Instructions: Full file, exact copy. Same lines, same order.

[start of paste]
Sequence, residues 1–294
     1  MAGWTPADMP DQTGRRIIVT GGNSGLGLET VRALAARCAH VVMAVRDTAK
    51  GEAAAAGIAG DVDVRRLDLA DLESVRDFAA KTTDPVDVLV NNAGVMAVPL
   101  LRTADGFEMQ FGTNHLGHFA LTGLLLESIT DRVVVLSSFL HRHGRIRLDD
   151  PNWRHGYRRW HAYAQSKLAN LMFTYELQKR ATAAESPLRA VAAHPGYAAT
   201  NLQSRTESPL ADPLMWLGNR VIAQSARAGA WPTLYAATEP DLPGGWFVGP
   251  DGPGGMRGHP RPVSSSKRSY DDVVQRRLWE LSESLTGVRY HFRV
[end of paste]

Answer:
Sequence, residues 1–294
     1  MAGWTPADMP DQTGRRIIVT GGNSGLGLET VRALAARCAH VVMAVRDTAK
    51  GEAAAAGIAG DVDVRRLDLA DLESVRDFAA KTTDPVDVLV NNAGVMAVPL
   101  LRTADGFEMQ FGTNHLGHFA LTGLLLESIT DRVVVLSSFL HRHGRIRLDD
   151  PNWRHGYRRW HAYAQSKLAN LMFTYELQKR ATAAESPLRA VAAHPGYAAT
   201  NLQSRTESPL ADPLMWLGNR VIAQSARAGA WPTLYAATEP DLPGGWFVGP
   251  DGPGGMRGHP RPVSSSKRSY DDVVQRRLWE LSESLTGVRY HFRV